Leveraged financing is fuelling a significant expansion of the European private equity market. But the increasing level of debt used to finance private equity deals could leave transactions exposed to certain weaknesses in the event of a workout, according to the Financial Services Authority (FSA), the U.K.'s financial watchdog.
Thirteen banks responded to a recent leveraged buyout (LBO) survey conducted by the FSA and reported a combined exposure to private equity of 67.9 billion ($86.8 billion) by June 2006, compared with 58 billion at June 2005. The survey found that banks are increasingly distributing debt to non-banks such as CLO managers, CDO managers and hedge funds. On average banks distribute 81% of their exposures to their largest transactions within 120 days of finalizing a deal.
The FSA is concerned that the duration and potential impact of a credit event may be exacerbated by operational issues, which make it difficult to identify who ultimately owns the economic risk associated with an LBO and how these owners might react in a crisis. These operational issues arise out of the extensive use of opaque, complex and time consuming risk transfer practices such as assignment and sub-participation, coupled with the increased use of credit derivatives.
In a workout situation, credit derivatives might take longer to be confirmed and the amount traded may substantially exceed the amount of the underlying assets. Traditionally, when a deal goes bust, it is put into a club to sort out the workout process. A highly levered deal may not favor the survival of distressed companies and could create confusion, which would ultimately damage the timeliness and effectiveness of workouts following credit events. Under an extreme scenario, a deal gone bad could undermine an otherwise viable restructuring. "The increased dispersion of the debt associated with private equity transactions diversifies risk but adds considerable complexity to the process of identifying economic risk exposures and managing workouts," explained David Cliff, a spokesman with the FSA.
But Cliff added that there have been relatively few defaults recently, due in large part to the fairly benign credit environment. "Where defaults have occurred they have not (so far) involved corporate bodies whose debt/credit risk was particularly heavily traded," he said. "We are highlighting this issue now, conscious that more defaults may occur (including with respect to heavily traded corporates) if interest rates continue to rise."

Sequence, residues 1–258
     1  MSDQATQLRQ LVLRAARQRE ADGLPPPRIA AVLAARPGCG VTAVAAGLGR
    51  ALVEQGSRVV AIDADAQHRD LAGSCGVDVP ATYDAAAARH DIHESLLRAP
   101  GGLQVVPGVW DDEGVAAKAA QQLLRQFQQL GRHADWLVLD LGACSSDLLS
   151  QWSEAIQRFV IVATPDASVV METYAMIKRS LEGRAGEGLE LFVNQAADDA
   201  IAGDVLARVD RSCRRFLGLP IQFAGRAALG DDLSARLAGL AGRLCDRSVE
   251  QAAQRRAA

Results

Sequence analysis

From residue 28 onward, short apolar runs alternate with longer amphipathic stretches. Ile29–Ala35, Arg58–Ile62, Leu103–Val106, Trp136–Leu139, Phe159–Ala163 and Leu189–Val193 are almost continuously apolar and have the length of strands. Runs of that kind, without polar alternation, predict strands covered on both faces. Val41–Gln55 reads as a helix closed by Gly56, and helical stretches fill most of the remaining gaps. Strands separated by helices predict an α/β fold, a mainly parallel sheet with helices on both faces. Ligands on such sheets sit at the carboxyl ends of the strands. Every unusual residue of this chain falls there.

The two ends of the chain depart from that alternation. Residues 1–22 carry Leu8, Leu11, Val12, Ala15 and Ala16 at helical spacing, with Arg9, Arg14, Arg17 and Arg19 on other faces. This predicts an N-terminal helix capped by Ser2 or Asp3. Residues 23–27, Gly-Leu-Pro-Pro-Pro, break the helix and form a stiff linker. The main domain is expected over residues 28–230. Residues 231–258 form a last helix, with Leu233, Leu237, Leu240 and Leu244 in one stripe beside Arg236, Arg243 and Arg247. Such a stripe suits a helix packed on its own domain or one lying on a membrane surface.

The FSA is also concerned that as deals get larger, to include a larger presence of leveraged financing - such growth could lead to abuses. The involvement of participants in both public and private markets and the development of related products traded in different markets, such as credit default swaps on leveraged loans, increase the potential for abuse. "As the deals get bigger it means more investors [are] in the circle of information," Cliff said, "there is a risk of abuse...that results from some of these buyers trading in related instruments."
As part of its solution the FSA has proposed a set of risk mitigating actions, which include increased surveillance of the credit markets, regularly surveying leveraged lending and distribution and gathering information from trade associations and experienced market practitioners to help understand the issues and risks inherent in dealing with corporate defaults. Cliff said that the FSA findings will be open for discussion over a four month period. "The idea is to get comments back from the market on whether our level of regulation is appropriate," he said. "We are encouraging other bodies to engage in private equity and build an understanding of it and we want to get it right."
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